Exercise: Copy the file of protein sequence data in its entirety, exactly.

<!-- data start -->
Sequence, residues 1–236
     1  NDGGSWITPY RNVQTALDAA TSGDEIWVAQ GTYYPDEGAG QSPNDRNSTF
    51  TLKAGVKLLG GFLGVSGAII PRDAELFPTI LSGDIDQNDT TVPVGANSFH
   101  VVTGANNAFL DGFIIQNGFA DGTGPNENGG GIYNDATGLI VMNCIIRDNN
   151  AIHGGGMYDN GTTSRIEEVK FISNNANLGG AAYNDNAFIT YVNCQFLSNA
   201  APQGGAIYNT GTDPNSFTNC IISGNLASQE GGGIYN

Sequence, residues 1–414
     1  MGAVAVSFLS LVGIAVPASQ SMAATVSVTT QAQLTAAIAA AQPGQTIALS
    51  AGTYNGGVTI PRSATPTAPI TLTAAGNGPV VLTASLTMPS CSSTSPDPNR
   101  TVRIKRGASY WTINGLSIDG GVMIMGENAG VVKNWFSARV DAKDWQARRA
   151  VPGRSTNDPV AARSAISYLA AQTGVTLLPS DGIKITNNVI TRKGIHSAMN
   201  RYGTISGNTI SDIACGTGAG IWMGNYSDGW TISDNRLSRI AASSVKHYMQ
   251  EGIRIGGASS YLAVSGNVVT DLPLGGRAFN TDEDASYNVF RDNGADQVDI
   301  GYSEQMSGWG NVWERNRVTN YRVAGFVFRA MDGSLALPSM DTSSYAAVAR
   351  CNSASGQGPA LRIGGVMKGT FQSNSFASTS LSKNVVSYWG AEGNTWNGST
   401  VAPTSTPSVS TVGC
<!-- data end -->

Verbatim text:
Sequence, residues 1–236
     1  NDGGSWITPY RNVQTALDAA TSGDEIWVAQ GTYYPDEGAG QSPNDRNSTF
    51  TLKAGVKLLG GFLGVSGAII PRDAELFPTI LSGDIDQNDT TVPVGANSFH
   101  VVTGANNAFL DGFIIQNGFA DGTGPNENGG GIYNDATGLI VMNCIIRDNN
   151  AIHGGGMYDN GTTSRIEEVK FISNNANLGG AAYNDNAFIT YVNCQFLSNA
   201  APQGGAIYNT GTDPNSFTNC IISGNLASQE GGGIYN

Sequence, residues 1–414
     1  MGAVAVSFLS LVGIAVPASQ SMAATVSVTT QAQLTAAIAA AQPGQTIALS
    51  AGTYNGGVTI PRSATPTAPI TLTAAGNGPV VLTASLTMPS CSSTSPDPNR
   101  TVRIKRGASY WTINGLSIDG GVMIMGENAG VVKNWFSARV DAKDWQARRA
   151  VPGRSTNDPV AARSAISYLA AQTGVTLLPS DGIKITNNVI TRKGIHSAMN
   201  RYGTISGNTI SDIACGTGAG IWMGNYSDGW TISDNRLSRI AASSVKHYMQ
   251  EGIRIGGASS YLAVSGNVVT DLPLGGRAFN TDEDASYNVF RDNGADQVDI
   301  GYSEQMSGWG NVWERNRVTN YRVAGFVFRA MDGSLALPSM DTSSYAAVAR
   351  CNSASGQGPA LRIGGVMKGT FQSNSFASTS LSKNVVSYWG AEGNTWNGST
   401  VAPTSTPSVS TVGC